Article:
Retired History Teacher J. Arthur Moore Explores the Effects of War on Yesteryear's Youth

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New Series Brings to Life Hardships, Realities of Youth in the American Civil War

News Image's youth need to learn about history in a way that is relevant to them

During the American Civil War, more than a quarter million boys ages 17 and under were part of the Union and Confederate armies. J. Arthur Moore, retired history teacher and author, has created a moving story that explores the typically overlooked involvement of young boys in the war.

“Across the Valley to Darkness” – book three of the series – blends fact and fiction to tell the story of a twelve-year-old boy coming of age during the American Civil War, with the book’s climax at the battle of Gettysburg. Set in Tennessee and Virginia, the book focuses on responsibility, struggle, courage and the importance of family and friends throughout life.

“Throughout the process of writing this series and based on my years as an educator, it became evident that today’s youth need a way to learn about history in a way that is relevant to them,” said Moore. “The books are meant to encourage an awareness and appreciation of that important period of history.”

Already met with positive reviews from readers of a variety of ages, “Across the Valley to Darkness” and the rest of the books in the series are currently being carried by some libraries, schools and museums, including the Gettysburg Museum and the National Civil War Museum.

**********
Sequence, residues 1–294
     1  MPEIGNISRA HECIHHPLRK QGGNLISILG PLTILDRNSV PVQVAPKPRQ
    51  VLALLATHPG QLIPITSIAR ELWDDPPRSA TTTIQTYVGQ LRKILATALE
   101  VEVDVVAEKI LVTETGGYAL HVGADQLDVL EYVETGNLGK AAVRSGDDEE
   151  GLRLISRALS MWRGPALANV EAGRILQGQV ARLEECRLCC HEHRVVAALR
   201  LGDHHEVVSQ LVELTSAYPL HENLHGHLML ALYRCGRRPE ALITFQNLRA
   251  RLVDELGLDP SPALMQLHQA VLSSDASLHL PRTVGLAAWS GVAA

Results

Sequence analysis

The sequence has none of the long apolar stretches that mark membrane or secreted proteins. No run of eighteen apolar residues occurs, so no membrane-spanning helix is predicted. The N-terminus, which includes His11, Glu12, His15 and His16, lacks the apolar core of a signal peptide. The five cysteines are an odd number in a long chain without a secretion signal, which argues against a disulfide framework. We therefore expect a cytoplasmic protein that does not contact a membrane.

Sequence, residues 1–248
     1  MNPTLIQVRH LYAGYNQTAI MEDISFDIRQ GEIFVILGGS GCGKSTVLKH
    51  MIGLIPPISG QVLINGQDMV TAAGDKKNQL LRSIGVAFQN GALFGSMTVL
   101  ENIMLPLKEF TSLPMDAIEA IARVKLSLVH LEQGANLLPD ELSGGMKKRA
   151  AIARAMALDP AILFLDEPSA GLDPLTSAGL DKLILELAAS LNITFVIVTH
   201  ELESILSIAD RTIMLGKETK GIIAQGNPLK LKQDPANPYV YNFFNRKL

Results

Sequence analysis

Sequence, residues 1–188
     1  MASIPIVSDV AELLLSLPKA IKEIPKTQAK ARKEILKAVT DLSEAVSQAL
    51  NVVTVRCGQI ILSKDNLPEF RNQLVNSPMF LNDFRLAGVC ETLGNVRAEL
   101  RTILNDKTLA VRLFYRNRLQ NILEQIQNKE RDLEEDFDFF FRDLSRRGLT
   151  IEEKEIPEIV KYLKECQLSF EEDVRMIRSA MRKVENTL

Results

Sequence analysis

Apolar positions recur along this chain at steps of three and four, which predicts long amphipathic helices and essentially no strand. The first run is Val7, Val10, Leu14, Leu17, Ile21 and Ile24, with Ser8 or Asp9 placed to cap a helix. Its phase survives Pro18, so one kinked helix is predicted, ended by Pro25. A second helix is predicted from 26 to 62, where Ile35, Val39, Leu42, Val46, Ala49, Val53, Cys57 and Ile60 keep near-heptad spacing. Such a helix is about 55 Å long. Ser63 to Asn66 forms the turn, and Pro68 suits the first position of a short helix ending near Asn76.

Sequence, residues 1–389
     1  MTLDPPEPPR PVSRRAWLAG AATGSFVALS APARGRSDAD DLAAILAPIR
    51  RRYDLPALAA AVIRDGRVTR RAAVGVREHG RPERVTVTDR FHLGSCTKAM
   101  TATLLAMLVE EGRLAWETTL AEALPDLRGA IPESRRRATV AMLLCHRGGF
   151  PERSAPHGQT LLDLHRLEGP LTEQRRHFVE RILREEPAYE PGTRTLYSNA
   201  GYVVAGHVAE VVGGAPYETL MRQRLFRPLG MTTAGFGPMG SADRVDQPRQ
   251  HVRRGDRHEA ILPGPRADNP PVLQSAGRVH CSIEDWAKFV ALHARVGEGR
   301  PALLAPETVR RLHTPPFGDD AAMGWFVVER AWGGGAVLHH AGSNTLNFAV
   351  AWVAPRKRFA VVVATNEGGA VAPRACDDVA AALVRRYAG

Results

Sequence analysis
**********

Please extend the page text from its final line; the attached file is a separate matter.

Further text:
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Across the Valley to Darkness
By: J. Arthur Moore
Hardcover: $29.99
Paperback: $19.99
E-Book: $3.99
ISBN: 9781483615868
Available at, and

About the author
J. Arthur Moore is a retired educator with more than 40 years of experience, including teaching history to middle school students in public, private and independent settings. He is a great-grandfather of a family with four generations, a U.S. Navy veteran, photographer and writer. His passion for history takes him to Civil War events and presentations, where he shares factual stories of boys from the war. Moore currently lives in Lancaster County, Pennsylvania.

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Kerry Barmann
Bohlsen Group
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